–        Ryan McDonagh registered the first goal of the game, tallied an assist, and was credited with seven hits in a team-high, 37:48 of ice time. The Rangers defenseman has established playoff career-highs with a five-game assist/point streak (one goal, six assists), and has recorded a point in seven of the last eight contests (three goals, 10 assists over the span). McDonagh has also posted four multi-point efforts over the eight-game stretch. McDonagh’s five-game assist streak is tied for the team-high in the playoffs this year, and he is the first Rangers defenseman to tally a five-game assist streak in the playoffs since James Patrick did so from Game 3 of the Patrick Division Semifinals at New Jersey on Apr. 23, 1992 to Game 7 of the Patrick Division Semifinals vs. New Jersey on May 1, 1992. He is also the first Rangers defenseman to post a five-game point streak in the playoffs since Sergei Zubov recorded a point in five consecutive contests from Game 5 of Eastern Conference Quarterfinals at Quebec on May 14, 1995 to Game 3 of Eastern Conference Semifinals vs. Philadelphia on May 24, 1995. McDonagh has posted 13 points (four goals, nine assists) over his last seven road games, the second-highest total for a defenseman over seven straight games on the road in one playoff year. McDonagh is the first Blueshirts defenseman to record at least four goals in one playoff year since Brian Leetch registered six in the 1995 playoffs. The Rangers’ 2013-14 MVP is tied for first among NHL defensemen in assists (12) and ranks second among NHL defensemen in points (16) in the playoffs. McDonagh is tied for fifth in franchise history in assists during one playoff year (Phil Esposito – 1978-79; Alexei Kovalev – 1993-94), and ranks third in franchise history in points by a defenseman during one playoff year. McDonagh leads the Rangers in assists, points, and average ice time (26:02) in the playoffs.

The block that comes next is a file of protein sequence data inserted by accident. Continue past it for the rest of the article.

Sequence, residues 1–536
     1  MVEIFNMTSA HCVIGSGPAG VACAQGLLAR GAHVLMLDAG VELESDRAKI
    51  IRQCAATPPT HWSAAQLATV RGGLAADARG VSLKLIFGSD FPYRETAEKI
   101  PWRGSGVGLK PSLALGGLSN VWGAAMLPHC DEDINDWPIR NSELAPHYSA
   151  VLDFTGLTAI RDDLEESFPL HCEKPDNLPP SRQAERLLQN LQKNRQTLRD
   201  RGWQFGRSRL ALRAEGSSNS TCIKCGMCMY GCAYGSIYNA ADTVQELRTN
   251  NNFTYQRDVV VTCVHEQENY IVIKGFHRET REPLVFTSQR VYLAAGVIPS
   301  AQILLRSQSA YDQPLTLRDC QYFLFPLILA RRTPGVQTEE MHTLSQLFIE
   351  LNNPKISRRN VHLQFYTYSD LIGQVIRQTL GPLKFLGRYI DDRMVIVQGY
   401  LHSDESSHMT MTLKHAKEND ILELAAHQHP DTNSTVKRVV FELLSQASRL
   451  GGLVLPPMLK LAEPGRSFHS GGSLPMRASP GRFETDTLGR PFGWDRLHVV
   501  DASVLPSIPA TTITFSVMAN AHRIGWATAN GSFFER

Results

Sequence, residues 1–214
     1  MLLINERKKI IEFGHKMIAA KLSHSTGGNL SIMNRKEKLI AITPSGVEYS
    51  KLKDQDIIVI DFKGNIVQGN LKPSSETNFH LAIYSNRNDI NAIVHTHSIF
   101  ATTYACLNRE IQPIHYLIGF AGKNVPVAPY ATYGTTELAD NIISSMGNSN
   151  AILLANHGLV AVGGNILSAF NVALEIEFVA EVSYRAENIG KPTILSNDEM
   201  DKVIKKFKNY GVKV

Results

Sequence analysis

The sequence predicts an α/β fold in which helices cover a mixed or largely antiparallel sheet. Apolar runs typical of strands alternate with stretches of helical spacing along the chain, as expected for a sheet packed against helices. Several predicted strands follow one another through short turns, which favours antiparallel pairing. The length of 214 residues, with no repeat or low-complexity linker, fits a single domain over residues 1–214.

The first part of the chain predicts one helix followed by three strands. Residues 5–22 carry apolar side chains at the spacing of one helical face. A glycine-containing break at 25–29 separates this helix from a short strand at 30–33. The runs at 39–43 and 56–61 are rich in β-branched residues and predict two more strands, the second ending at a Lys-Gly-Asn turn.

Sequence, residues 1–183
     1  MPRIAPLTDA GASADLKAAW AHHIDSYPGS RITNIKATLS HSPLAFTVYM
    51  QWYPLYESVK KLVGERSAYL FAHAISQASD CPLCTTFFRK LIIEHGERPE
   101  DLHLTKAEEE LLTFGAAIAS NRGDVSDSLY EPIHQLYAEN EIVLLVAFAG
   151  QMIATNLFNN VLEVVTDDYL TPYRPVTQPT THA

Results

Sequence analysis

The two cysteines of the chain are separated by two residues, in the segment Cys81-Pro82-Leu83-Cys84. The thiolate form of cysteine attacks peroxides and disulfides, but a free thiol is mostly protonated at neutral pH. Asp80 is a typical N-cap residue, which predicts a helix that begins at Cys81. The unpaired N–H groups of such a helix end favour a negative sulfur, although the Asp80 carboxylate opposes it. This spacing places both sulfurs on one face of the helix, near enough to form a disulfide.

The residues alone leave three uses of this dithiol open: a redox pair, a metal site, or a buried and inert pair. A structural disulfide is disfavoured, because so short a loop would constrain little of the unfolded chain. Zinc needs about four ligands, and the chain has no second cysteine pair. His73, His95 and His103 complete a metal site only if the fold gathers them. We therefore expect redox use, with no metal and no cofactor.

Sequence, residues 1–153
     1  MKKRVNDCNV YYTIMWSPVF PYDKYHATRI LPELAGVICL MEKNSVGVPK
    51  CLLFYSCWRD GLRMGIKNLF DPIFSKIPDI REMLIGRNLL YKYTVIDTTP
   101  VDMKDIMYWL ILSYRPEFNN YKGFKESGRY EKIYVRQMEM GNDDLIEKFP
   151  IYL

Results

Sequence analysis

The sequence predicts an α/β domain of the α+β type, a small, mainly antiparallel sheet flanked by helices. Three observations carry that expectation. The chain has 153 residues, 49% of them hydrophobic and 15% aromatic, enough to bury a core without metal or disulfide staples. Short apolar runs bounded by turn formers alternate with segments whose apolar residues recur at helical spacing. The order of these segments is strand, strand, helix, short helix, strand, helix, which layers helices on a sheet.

–        Derick Brassard tallied a goal, registered an assist, posted a plus-two rating, and recorded two shots on goal in 23:47 of ice time. Brassard has recorded four points (two goals, two assists) in the last five contests, and has tallied eight points (five goals, three assists) in his last nine games. The Rangers forward has recorded at least 10 points in the playoffs in each of the last two years, and has registered 23 points (eight goals, 15 assists) in 32 career playoff games. Brassard ranks third on the team in goals (six) and is tied for fifth on the team in points (11) and plus/minus rating (plus-four) in the playoffs.